The next session broadly covered those important issues that relate to preserving the authenticity of digital information. The first presentation was by Nancy Brodie of the Treasury Board Secretariat of the Government of Canada who addressed authenticity issues with regard to the requirements of scholars, law librarians and governments. This was followed by a presentation by Kevin Ashley of the University of London Computing Centre (ULCC) who, like Brodie, emphasised the need for the authenticity of digital objects to be known, and suggested that any accompanying metadata itself needed to be part of the chain-of-proof. He also looked at how differing rights of access might need to condition which parts of digital resources might have to be "hidden" from users or archive staff. For example, personal data in databases might have to be deleted or anonymised, as might some descriptive metadata. The final paper in the session was an outline by George D. Barnum of the US Government Printing Office (GPO) of that organisation's creation of a Federal Depository Library Program Electronic Collection . This looked at the changing nature of the GPO as it changes from an organisation primarily concerned with the distribution of printed materials to traditional library-type organisations into being the host of digital collections in addition to it's original role.
The final session was about "working-together" and included an account of some ongoing international collaboration concerning digital preservation metadata by Robin Dale of RLG. The presentation included a report of the Information Infrastructures for Digital Preservation workshop that was held the day before the conference (and which is described in more detail below). This was followed by a description of the JISC's Digital Preservation Focus activity by Neil Beagrie, the Assistant Director (Preservation) of JISC's DNER (Distributed National Electronic Resource) Office . One of the most important tasks of the Digital Preservation Focus will be the setting-up of an UK Digital Preservation Coalition that will be an important focus of continued collaborative activity in this area, both within the UK and internationally.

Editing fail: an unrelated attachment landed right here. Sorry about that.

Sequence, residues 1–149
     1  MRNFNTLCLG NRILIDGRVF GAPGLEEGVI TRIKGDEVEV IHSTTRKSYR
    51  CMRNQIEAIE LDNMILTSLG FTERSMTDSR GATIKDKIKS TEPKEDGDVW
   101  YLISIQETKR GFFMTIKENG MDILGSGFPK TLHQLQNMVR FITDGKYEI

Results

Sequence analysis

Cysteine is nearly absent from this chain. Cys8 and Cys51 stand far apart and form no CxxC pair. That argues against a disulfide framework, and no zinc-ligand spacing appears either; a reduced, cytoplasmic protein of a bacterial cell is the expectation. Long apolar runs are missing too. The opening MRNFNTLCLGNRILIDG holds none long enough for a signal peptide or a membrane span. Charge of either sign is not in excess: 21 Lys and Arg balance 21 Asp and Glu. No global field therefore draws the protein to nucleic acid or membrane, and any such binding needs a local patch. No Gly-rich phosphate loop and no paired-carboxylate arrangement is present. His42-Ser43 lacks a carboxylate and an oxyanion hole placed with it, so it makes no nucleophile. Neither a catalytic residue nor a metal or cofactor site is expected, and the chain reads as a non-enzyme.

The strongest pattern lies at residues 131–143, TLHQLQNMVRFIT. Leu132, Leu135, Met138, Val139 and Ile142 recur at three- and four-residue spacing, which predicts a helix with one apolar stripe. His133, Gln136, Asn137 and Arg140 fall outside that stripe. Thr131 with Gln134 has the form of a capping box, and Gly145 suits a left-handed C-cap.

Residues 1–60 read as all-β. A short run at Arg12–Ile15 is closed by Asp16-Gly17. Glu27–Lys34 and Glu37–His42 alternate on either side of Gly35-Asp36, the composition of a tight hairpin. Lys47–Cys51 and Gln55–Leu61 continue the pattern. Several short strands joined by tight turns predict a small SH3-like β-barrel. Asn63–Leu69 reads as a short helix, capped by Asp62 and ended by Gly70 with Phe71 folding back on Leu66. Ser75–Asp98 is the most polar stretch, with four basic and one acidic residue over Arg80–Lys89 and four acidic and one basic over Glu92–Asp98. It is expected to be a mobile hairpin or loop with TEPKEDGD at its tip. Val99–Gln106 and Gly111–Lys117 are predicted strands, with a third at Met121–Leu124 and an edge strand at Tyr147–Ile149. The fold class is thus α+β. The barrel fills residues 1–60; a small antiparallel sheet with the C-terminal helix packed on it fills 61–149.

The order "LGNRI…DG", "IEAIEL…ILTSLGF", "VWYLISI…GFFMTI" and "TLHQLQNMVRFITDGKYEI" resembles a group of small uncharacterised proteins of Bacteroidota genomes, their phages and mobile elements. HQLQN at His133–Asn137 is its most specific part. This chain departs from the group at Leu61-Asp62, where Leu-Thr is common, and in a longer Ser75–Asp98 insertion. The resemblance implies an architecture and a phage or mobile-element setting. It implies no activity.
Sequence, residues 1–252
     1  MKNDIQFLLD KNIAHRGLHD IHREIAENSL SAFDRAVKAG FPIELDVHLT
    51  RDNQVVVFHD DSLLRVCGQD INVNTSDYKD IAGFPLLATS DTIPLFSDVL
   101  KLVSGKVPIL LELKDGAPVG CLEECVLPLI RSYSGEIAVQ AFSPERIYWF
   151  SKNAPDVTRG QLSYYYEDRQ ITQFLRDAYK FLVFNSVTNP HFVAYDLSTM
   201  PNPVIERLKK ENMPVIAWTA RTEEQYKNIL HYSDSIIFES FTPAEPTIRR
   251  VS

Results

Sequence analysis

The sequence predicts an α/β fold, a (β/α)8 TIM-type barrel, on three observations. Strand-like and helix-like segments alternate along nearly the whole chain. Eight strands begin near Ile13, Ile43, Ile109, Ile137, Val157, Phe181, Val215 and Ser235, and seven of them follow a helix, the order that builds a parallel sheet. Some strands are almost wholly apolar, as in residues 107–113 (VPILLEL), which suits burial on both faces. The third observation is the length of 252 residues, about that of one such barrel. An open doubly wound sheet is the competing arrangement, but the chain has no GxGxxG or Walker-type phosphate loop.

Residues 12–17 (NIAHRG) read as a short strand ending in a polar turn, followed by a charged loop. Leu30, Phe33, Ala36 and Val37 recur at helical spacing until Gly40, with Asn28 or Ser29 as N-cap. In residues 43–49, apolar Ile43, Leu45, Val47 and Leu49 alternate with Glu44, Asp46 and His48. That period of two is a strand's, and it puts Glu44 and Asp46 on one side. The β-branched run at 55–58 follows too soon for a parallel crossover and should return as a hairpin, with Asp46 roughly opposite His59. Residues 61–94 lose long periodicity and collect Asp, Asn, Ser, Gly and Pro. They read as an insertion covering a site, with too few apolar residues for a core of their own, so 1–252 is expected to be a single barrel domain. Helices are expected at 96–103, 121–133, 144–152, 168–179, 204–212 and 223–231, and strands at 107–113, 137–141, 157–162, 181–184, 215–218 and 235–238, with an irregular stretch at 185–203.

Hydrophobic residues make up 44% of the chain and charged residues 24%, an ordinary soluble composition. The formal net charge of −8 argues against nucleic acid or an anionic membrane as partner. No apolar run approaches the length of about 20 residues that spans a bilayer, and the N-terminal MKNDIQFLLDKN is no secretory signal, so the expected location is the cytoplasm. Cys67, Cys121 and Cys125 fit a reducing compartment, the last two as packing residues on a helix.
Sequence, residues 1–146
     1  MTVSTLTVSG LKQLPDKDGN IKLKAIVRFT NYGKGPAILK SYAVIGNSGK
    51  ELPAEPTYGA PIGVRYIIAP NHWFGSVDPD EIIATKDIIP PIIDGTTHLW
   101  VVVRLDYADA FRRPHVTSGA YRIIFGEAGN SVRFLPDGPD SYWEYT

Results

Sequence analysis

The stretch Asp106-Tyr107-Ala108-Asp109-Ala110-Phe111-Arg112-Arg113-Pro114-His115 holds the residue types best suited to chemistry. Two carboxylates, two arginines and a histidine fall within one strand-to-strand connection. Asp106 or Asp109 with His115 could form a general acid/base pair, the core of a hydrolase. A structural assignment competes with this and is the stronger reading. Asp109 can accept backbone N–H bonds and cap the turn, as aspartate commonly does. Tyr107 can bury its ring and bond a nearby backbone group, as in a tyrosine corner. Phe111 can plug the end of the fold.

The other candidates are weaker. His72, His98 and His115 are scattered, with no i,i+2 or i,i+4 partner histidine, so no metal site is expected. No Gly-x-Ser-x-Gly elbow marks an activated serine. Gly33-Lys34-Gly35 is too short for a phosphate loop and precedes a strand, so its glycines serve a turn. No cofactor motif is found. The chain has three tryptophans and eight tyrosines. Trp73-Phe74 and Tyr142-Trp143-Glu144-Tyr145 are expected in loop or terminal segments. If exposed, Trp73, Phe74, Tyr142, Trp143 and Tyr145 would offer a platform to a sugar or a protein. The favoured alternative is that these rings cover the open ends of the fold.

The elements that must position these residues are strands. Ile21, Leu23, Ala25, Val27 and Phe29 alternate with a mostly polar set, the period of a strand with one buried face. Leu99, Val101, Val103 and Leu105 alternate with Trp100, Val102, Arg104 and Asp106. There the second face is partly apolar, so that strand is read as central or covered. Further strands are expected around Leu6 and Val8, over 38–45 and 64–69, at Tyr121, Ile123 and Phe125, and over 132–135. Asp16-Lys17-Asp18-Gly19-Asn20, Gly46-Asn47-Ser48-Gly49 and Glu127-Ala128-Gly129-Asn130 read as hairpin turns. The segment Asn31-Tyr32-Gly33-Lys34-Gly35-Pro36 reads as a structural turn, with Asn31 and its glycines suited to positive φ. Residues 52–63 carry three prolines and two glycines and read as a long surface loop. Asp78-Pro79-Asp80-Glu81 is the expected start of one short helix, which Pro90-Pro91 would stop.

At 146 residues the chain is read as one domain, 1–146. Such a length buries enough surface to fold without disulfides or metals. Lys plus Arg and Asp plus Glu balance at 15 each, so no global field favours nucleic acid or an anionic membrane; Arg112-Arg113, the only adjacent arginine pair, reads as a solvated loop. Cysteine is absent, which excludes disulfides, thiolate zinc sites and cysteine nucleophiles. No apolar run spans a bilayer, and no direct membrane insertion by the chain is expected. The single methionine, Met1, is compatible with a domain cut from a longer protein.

The conference ended with a closing keynote by James Michalko, the RLG president. He echoed many of the more internationally applicable points of Lynne Brindley's proposed manifesto and raised some difficult issues. For example, he asked participants to note important groups of people who were not in attendance at the conference: e.g., high level decision makers, software manufacturers, publishers and government agencies. He also noted that as yet there were no widely accepted business models for digital preservation in place. In his comments on Lynne Brindley's manifesto, he suggested that the UK Digital Preservation Coalition could help take forward the public relations agenda and orchestrate research and development initiatives with reference to the wider international context.